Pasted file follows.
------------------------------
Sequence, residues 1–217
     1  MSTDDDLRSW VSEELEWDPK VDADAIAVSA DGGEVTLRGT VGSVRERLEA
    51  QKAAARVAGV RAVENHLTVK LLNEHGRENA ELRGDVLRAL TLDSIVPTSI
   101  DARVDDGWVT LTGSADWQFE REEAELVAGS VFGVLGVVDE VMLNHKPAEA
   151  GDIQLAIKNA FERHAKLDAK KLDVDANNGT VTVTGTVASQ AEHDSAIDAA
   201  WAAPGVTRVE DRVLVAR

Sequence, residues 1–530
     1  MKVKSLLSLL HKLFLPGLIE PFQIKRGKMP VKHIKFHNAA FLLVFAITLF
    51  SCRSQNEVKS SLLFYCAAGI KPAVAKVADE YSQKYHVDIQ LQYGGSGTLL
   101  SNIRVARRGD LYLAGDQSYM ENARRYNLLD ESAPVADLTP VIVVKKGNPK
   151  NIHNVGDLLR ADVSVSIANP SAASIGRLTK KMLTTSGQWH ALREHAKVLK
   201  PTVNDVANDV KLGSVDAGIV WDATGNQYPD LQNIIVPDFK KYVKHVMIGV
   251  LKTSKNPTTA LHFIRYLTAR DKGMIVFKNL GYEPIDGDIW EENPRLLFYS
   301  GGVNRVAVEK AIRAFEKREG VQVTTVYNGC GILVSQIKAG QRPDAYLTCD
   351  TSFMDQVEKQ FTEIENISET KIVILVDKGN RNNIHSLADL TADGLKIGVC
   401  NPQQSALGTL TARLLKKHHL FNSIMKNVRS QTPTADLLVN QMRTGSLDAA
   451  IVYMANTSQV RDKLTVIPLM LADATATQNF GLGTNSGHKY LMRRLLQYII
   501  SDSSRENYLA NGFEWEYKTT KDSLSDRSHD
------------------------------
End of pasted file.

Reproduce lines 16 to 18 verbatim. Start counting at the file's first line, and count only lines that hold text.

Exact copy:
   401  NPQQSALGTL TARLLKKHHL FNSIMKNVRS QTPTADLLVN QMRTGSLDAA
   451  IVYMANTSQV RDKLTVIPLM LADATATQNF GLGTNSGHKY LMRRLLQYII
   501  SDSSRENYLA NGFEWEYKTT KDSLSDRSHD